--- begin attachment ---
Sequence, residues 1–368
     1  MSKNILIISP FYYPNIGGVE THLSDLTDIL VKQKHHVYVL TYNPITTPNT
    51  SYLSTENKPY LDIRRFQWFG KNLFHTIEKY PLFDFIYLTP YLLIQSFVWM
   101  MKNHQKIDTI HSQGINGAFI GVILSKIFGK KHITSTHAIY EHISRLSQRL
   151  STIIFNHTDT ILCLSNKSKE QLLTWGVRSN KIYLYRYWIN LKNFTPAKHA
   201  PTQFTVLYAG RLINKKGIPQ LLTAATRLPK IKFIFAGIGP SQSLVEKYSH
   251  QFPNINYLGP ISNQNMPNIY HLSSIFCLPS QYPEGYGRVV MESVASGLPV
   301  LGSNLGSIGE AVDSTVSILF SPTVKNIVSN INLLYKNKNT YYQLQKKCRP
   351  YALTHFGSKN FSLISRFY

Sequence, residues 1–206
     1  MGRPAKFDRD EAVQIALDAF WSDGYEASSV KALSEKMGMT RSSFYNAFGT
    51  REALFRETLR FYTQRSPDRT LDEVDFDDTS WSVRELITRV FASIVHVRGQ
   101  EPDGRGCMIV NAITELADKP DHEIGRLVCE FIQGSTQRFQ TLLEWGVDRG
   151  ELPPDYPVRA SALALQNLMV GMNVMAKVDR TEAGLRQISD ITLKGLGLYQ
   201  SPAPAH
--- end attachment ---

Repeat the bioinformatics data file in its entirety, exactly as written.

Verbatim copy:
Sequence, residues 1–368
     1  MSKNILIISP FYYPNIGGVE THLSDLTDIL VKQKHHVYVL TYNPITTPNT
    51  SYLSTENKPY LDIRRFQWFG KNLFHTIEKY PLFDFIYLTP YLLIQSFVWM
   101  MKNHQKIDTI HSQGINGAFI GVILSKIFGK KHITSTHAIY EHISRLSQRL
   151  STIIFNHTDT ILCLSNKSKE QLLTWGVRSN KIYLYRYWIN LKNFTPAKHA
   201  PTQFTVLYAG RLINKKGIPQ LLTAATRLPK IKFIFAGIGP SQSLVEKYSH
   251  QFPNINYLGP ISNQNMPNIY HLSSIFCLPS QYPEGYGRVV MESVASGLPV
   301  LGSNLGSIGE AVDSTVSILF SPTVKNIVSN INLLYKNKNT YYQLQKKCRP
   351  YALTHFGSKN FSLISRFY

Sequence, residues 1–206
     1  MGRPAKFDRD EAVQIALDAF WSDGYEASSV KALSEKMGMT RSSFYNAFGT
    51  REALFRETLR FYTQRSPDRT LDEVDFDDTS WSVRELITRV FASIVHVRGQ
   101  EPDGRGCMIV NAITELADKP DHEIGRLVCE FIQGSTQRFQ TLLEWGVDRG
   151  ELPPDYPVRA SALALQNLMV GMNVMAKVDR TEAGLRQISD ITLKGLGLYQ
   201  SPAPAH